In the fields

By staging an icily antagonistic confrontation with Harry in the Hogwarts train, Draco’s inner torment as well as the compulsions which drive him are laid completely bare. Yet more layers are revealed as Malfoy grapples with failure, insecurity and the inescapable prospect of taking a life. Yet Steve Kloves’ screenplay falters in drawing strong parallels between Harry’s ambiguous obsession with a mysterious book written by the “Half Blood Prince” and Malfoy’s gradual self-destruction. It is not until the disquieting intonations of Severus Snape (Alan Rickman as sinister as ever) save Malfoy from death as part of an oath that the film hints towards an alarming possibility – Harry’s willful ignorance of humanity in the quest for revenge. The sinister undercurrents of threat and restlessness growing within the castle connote a faceless danger at every nook and corner. But that hardly stems the exuberant flow of life, even if it is cloaked in mellow trepidation.

A poignant, beautifully filmed scene in the mysterious Room of Requirement depicts a near-silent romance blooming between Harry and Ginny, where demure gestures and expressions echo more than words. It foments the visage of Hogwarts’ dichotomous nature –  as a keeper of deadly secrets and wistful adolescent desire. Ginny’s brother Ron, on the other hand, played by Rupert Grint, proves to be the film’s weakest link and is reduced to droll archetype. Hermoine (a striking Emma Watson) too feels the pangs of unrequited love, until her tacit efforts are vindicated later in the film. These meandering arcs, among others, have in turn been responsible in estranging the Rowling acolyte for whom the origin story of Hogwarts’ most infamous alumnus is far more intriguing than symbolic love birds ending their fanciful flight in a forgotten corner of the castle or melodramatic talks of empty goldfish bowls and close ups of a metaphorical hourglass.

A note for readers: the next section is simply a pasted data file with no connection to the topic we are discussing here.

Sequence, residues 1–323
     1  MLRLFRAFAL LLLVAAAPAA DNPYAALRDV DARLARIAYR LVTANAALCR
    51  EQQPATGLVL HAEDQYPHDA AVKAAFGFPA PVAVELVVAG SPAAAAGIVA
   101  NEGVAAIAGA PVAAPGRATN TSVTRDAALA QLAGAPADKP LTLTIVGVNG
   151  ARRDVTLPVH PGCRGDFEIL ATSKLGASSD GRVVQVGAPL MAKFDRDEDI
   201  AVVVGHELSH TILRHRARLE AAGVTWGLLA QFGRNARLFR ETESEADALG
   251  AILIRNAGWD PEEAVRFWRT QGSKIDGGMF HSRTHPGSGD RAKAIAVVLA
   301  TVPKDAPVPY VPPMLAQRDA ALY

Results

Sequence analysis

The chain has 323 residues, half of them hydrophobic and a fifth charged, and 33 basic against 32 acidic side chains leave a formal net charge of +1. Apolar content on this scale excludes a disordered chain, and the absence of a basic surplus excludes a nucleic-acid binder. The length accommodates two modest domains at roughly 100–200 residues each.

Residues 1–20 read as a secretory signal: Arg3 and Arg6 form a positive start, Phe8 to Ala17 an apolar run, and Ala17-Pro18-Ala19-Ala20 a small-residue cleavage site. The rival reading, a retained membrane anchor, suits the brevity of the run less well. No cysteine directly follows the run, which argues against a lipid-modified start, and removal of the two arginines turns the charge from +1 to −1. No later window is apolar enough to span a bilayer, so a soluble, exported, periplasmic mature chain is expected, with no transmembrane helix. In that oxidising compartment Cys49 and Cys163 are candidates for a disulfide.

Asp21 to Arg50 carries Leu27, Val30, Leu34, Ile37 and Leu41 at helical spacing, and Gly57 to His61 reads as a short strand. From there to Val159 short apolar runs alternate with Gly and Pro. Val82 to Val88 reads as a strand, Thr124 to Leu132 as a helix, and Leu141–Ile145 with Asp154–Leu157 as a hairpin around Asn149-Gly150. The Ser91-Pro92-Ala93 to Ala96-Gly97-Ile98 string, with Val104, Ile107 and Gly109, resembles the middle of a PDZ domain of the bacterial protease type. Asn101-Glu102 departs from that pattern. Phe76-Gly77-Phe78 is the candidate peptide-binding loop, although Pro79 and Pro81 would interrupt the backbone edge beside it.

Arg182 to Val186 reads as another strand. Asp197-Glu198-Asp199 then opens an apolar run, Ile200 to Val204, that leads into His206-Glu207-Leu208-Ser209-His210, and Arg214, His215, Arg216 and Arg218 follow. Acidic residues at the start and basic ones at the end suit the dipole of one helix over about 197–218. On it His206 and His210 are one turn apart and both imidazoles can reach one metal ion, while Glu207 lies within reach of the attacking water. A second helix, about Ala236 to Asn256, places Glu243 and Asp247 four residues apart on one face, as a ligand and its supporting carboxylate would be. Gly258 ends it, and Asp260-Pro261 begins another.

Despite these evocative flourishes lending a sense of depth, ‘The Half Blood prince’ is hardly a perfect film. An immersive soundtrack paradoxically stretches scenes beyond their desired effect rather than complement their potency. Harry’s occasional glimpses into Voldemort’s past often feel jarring and removed from immediate dramatic concerns. Even if Yates wishes to insinuate that Harry’s flippant attitude is due in part to the transience he faces internally and externally, the film shies from truly exploring a psyche adrift in teenage whimsy. When Harry is finally whisked away by Dumbledore for seeking Voldemort’s Horcrux, the film’s tonal inconsistencies come to the fore as it heads towards a fiery climax. But it is in the reinforced depiction of magic as extracting a toll on everybody who uses it for individual expression, malevolent or empathetic that the film’s ominous atmosphere is retained, albeit precariously.

Following in the book’s footsteps, the film ends on a note of devastating loss. But symbolic overtones involving soft beams of light eclipsing a morbid, inhuman mark in the cloudy skies above communicate a striking purity of bittersweet feeling. Mournful onlookers stand together in despair, but their hearts are still not devoid of hope. As Harry sulks in the futility of the tribulations he has faced, he is reminded of unconditional friendship and solidarity when Ron and Hermoine refuse to let him embark on his journey alone. The overwhelming emotion is enough for him to look out of the Headmaster’s Tower and say,” I never realized how beautiful this place was”. And by surrendering to an uncertain future in the aftermath of grief, the trio, now having come of age, finally finds the strength to move on.